Industrial espionage – stealing trade secrets, theft of intellectual property and databases, leaking confidential information – is not just the stuff of Hollywood movies.
In a highly competitive environment and tough economic times, it is far easier and cheaper to expropriate information than to innovate. Leaked technical specifications could negate a massive investment in being the first to market with a new product. A copied customer database could shrink a market share advantage overnight, he warns.
Over the past few months Justicia has noted an upsurge in the number of calls from companies requesting debugging services. “We are getting between three and five calls a week from large corporates,” he says.
Leo Nardi, Justicia’s Technical Manager, adds that these calls are not only coming from South Africa but extending upwards throughout Africa from Botswana to Tanzania, as the rush to conquer African markets gathers momentum.
Finding concrete statistics to back up Justicia’s observations is not easy. Both globally and locally, underreporting is rife with companies preferring not to disclose that they have been the targets of industrial espionage for fear of losing customers.
In May last year, Randall C. Coleman, Assistant Director, Counterintelligence Division of the American Federal Bureau of Investigation (FBI) told a Senate Judiciary Committee that estimated losses from economic espionage were thought to run into tens or even hundreds of billions of Dollars annually.
In 2010, the FBI’s Counterintelligence Division created a specialised unit called the Economic Espionage Unit to focus on this area. This unit’s caseload has sky rocketed with the number of economic espionage and theft of trade secrets cases growing by more than 60 percent between 2009 and 2013.
Another interesting statistic comes from American law firm O’Melveny & Myers – the number of trade secret cases in US federal courts doubled between 1988 and 1995, doubled again from 1995 to 2004 and is expected to double again by 2017.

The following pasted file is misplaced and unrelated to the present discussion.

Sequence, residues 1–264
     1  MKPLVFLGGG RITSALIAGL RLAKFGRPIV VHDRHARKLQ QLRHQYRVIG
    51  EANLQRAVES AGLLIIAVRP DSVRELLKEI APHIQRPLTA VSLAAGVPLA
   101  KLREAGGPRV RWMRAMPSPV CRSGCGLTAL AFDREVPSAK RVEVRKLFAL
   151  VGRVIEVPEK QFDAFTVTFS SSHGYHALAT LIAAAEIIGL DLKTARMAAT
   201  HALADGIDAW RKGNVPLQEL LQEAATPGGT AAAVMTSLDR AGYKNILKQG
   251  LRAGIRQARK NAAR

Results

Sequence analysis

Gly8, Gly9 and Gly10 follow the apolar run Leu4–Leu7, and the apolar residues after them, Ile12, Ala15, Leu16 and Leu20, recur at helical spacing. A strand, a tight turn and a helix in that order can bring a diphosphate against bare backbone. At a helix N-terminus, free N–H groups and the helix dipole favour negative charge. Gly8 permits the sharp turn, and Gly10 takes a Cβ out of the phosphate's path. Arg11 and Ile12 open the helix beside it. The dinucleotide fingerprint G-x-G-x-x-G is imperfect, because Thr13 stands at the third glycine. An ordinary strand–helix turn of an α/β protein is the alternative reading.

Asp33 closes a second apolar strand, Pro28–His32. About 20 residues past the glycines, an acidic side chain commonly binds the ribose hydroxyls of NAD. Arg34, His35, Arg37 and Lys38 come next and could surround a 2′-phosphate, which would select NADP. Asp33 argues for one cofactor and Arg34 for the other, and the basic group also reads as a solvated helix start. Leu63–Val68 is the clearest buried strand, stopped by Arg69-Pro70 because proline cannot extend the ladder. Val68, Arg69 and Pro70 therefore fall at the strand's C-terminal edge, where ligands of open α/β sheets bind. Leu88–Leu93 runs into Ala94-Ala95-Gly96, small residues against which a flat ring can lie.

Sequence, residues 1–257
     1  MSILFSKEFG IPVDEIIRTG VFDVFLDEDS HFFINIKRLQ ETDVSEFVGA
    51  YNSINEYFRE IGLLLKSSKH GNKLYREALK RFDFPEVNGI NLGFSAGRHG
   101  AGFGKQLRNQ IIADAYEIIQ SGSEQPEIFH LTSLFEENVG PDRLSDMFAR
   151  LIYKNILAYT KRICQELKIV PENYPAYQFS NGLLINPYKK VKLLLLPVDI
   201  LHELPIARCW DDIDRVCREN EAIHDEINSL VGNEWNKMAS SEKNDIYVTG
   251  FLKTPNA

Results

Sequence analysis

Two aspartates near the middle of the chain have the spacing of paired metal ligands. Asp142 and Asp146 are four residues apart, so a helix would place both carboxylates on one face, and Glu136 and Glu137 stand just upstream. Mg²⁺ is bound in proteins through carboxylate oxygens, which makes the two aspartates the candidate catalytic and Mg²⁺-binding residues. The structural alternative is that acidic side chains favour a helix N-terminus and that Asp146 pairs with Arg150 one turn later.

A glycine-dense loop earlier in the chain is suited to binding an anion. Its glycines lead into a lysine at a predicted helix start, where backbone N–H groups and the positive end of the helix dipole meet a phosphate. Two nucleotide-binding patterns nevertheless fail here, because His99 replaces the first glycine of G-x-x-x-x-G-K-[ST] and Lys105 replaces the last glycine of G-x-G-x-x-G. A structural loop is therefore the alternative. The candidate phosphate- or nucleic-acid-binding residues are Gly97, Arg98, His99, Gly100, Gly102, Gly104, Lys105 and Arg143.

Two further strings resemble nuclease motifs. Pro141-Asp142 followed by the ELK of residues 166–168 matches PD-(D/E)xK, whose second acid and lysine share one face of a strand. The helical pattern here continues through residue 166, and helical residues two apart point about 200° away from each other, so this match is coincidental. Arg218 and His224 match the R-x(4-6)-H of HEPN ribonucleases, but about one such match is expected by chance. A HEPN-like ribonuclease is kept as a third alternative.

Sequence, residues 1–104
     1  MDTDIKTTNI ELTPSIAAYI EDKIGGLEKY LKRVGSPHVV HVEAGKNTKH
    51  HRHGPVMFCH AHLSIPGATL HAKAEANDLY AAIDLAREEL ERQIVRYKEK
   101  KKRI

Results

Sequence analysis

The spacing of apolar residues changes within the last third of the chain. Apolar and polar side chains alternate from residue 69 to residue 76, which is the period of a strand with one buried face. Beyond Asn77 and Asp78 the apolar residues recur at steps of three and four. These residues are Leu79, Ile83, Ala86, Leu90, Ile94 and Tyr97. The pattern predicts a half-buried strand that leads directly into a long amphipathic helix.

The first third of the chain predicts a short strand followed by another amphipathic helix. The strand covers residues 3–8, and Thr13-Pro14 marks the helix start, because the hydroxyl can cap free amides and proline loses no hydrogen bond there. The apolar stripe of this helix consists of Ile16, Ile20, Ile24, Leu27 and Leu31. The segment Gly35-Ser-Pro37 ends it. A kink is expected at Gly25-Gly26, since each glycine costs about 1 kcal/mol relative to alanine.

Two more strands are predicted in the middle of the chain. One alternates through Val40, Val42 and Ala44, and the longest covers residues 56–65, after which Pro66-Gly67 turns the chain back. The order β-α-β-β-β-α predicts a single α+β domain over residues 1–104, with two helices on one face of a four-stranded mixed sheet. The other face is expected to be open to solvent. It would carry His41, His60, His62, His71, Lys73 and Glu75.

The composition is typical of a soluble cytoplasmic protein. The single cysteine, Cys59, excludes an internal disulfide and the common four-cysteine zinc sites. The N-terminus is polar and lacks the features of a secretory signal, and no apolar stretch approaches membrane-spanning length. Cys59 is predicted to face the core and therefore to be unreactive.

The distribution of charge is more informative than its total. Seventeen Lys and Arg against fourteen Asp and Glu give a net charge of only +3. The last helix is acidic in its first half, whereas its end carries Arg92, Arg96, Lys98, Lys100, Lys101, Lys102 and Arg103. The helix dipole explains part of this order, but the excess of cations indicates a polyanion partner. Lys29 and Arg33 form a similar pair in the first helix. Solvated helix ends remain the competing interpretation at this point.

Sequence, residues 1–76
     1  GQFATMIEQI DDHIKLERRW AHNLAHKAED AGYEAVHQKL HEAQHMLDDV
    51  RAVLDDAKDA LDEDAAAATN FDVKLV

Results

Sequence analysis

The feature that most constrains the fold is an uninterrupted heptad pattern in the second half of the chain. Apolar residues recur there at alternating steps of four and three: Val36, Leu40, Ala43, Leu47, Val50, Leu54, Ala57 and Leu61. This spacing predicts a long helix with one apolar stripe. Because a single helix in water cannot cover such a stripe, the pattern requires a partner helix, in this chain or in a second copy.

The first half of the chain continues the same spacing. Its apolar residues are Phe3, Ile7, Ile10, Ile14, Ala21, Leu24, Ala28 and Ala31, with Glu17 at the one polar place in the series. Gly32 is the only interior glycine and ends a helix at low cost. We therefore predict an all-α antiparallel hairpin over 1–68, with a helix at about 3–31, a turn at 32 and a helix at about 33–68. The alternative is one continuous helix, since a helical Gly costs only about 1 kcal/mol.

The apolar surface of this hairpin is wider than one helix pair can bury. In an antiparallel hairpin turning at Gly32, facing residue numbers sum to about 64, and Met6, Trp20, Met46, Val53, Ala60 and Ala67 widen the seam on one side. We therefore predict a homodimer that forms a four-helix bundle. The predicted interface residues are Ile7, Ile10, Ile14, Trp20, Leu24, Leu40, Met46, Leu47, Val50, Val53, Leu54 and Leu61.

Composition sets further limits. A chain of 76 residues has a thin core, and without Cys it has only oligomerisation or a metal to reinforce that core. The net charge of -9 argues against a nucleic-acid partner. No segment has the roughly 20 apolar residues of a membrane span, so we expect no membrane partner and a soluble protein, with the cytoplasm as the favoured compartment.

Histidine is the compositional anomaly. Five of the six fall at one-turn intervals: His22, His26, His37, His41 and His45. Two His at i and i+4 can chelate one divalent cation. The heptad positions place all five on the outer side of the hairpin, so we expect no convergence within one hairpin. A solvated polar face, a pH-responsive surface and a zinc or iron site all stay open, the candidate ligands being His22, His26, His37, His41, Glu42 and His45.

Figures released by Ernst and Young (SA) suggest that industrial espionage is a $67 billion-a-year industry.
Perhaps the best indicator of the surge in illicit surveillance is a dramatic increase in the sales of bugging devices and equipment. Although, again, there are no South African statistics, but the US State Department estimates that over 700 000 eavesdropping devices are sold each year.
With this comes an inevitable increase in the need for “debugging services” – and, in South Africa, a dramatic rise in the number of fly-by-night operations marketing them.
Carey admits that the security industry has a bad reputation and that there are a number of “one man operations and jack of all trades” offering services that require significant experience and expertise as well as sophisticated equipment.
“Justicia prides itself on 25 years of investigative integrity. We have a team of professionals who are experts in their respective fields and have a combined experience of more than four decades,” he says.
In addition to experience, he adds, Justicia is investing extensively in new equipment and training, as bugs are becoming smaller, more sophisticated and increasingly difficult to detect.
In addition to constantly updating equipment, Justicia is moving with the times by extending its range of services and has partnered with an ICT company to ensure a holistic debugging approach
Information and Communications Technology (ICT) infrastructure.
Nardi says that it is evident that the ICT industry is gearing towards more data storage and throughput. Many companies invest in good equipment but then fall behind in adopting suitable security protocols or in configuring the equipment correctly to minimize risk. If you do not take into account your computers, then you are ignoring a large part of your risk profile. Carey adds that companies need to tackle industrial espionage and adopt both reactive and proactive measures. “We encourage clients to introduce debugging policies. In addition to protecting and limiting access to confidential information, a debugging policy should help managers to recognise the signs – from the irregular conduct of an employee to physical clues of bugging activities having taken place. Companies also need to have their premises swept for bugs regularly.”
At the end of the day, he stresses the importance for a company to build a strong relationship with a trustworthy service provider when it comes to something as sensitive as this. “At Justicia, we guard our credibility and professionalism carefully. In the corporate world, we are dealing with decision makers in business and know the value of discretion and building ongoing trust relationships.”
Captions: Operations Director of Justicia Investigations, Alan Carey sweeps an office looking for bugs using the latest technology.
Equipment – Some of the sophisticated technology that Justicia Investigations is equipped with to ensure they offer their clients the most comprehensive service.